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Protection of Well-Water Supplies from Nitrate Contamination

Contact: Glynn Beck

Groundwater is used by more than 75 percent of the residents in the Jackson Purchase Region. Approximately 60 public water utilities provide water from wells or well fields to residents, businesses, schools, and industry.

A greater proportion of private wells in the Jackson Purchase yield water with nitrate over the U.S. Environmental Protection Agency's maximum contaminant level (MCL) for nitrate than in other parts of Kentucky. Data collected as part of the Ground Water Education and Testing Program in the early 1990's show that 5.5 percent of wells in the Jackson Purchase exceed the MCL and 13.7 percent exceed half of the MCL.

During the past year the Kentucky Geological Survey conducted research to better delineate the sources of elevated nitrate in the Jackson Purchase. Forty-three domestic water wells were sampled in Hickman County for nitrate-nitrogen. Of those wells, 12 percent exceed the MCL for nitrate and 37 percent exceed half of the MCL.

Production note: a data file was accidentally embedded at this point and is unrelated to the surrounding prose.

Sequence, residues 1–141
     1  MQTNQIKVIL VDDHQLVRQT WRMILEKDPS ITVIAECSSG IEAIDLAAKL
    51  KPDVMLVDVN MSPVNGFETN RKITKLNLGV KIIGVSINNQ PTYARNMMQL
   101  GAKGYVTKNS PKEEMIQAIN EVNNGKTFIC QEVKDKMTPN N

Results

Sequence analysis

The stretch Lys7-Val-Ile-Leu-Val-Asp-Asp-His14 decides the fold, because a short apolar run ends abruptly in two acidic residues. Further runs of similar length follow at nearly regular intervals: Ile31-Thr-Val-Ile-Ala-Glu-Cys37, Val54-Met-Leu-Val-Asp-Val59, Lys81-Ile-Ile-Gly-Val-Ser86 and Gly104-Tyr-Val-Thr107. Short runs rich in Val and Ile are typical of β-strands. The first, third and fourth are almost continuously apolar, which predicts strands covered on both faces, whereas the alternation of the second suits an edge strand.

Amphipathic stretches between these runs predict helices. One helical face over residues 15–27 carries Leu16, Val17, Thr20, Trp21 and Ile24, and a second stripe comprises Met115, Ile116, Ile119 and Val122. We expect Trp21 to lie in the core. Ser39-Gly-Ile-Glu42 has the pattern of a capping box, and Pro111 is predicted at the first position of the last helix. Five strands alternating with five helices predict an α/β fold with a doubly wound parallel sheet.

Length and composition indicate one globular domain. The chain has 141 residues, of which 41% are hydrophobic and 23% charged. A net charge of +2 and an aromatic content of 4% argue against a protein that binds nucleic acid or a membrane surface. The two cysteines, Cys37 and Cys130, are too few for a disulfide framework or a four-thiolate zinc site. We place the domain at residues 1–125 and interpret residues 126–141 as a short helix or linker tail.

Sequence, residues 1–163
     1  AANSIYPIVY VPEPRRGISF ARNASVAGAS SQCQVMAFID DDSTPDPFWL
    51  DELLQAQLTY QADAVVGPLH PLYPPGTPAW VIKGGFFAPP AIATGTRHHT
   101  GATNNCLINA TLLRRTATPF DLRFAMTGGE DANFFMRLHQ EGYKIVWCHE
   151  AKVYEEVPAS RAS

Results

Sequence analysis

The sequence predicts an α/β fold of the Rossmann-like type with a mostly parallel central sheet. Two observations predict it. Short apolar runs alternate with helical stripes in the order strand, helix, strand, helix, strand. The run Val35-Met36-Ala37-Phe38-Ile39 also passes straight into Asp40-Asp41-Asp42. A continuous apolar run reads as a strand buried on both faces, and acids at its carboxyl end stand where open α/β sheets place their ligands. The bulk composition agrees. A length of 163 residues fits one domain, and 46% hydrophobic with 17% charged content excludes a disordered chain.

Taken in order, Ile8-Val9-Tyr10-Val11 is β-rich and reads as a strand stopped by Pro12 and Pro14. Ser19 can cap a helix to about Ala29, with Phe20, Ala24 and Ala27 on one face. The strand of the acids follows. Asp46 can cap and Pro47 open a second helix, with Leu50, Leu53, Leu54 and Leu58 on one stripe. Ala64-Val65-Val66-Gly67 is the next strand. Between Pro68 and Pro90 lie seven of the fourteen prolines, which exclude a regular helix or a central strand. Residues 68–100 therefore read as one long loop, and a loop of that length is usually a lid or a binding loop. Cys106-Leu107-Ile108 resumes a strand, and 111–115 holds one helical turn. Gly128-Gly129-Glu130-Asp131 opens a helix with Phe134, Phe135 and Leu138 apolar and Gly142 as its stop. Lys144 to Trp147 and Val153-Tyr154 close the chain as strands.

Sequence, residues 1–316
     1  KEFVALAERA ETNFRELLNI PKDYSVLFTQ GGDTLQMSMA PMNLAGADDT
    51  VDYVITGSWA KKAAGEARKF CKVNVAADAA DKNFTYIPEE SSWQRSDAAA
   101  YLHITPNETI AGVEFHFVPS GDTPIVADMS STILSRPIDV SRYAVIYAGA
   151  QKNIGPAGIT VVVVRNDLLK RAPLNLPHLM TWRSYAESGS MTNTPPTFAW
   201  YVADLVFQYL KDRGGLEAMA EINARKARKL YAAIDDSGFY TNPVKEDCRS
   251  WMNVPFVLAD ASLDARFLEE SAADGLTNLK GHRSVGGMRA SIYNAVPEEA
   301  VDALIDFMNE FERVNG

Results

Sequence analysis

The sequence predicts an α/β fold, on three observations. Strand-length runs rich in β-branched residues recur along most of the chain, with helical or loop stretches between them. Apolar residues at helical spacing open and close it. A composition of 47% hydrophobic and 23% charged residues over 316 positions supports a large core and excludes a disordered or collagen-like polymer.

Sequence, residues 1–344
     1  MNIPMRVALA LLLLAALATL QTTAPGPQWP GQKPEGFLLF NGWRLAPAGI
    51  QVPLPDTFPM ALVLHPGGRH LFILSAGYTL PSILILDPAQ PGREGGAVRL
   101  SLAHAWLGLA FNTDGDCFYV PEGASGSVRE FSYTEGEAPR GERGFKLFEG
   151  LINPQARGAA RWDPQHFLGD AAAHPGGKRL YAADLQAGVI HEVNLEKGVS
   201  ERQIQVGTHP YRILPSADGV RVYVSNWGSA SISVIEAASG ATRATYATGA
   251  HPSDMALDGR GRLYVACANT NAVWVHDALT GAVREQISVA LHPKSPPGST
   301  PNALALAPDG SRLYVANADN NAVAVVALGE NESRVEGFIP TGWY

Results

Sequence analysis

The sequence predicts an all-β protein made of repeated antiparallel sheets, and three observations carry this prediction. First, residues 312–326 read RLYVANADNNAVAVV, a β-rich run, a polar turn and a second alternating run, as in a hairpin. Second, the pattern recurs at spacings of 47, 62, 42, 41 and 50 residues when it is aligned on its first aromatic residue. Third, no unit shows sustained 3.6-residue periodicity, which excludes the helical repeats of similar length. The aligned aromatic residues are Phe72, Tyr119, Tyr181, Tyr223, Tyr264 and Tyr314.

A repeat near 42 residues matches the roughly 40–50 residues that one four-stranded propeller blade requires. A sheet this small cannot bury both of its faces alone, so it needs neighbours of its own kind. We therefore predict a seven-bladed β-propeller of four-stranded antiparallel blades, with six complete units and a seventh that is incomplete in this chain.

To determine the possible sources of these elevated nitrate concentrations, detailed land-use and well-construction surveys were completed, bromide tracer tests were performed on domestic wells to determine their integrity, and caffeine, nitrogen, and oxygen isotope samples were collected. Research indicates that the possible sources of nitrate are chemical fertilizers, leaky septic tanks, and active and abandoned animal feedlots, in possible combination with poor (leaky) well construction.

The findings of this research will be relayed to the public through State and local officials and outreach education programs for citizens.

Funding for this project is provided by Kentucky Senate Bill SB-271, which is administered through the University of Kentucky College of Agriculture. It is a cooperative effort between the Kentucky Geological Survey, the UK Department of Agronomy, and the UK Department of Biosystems and Agricultural Engineering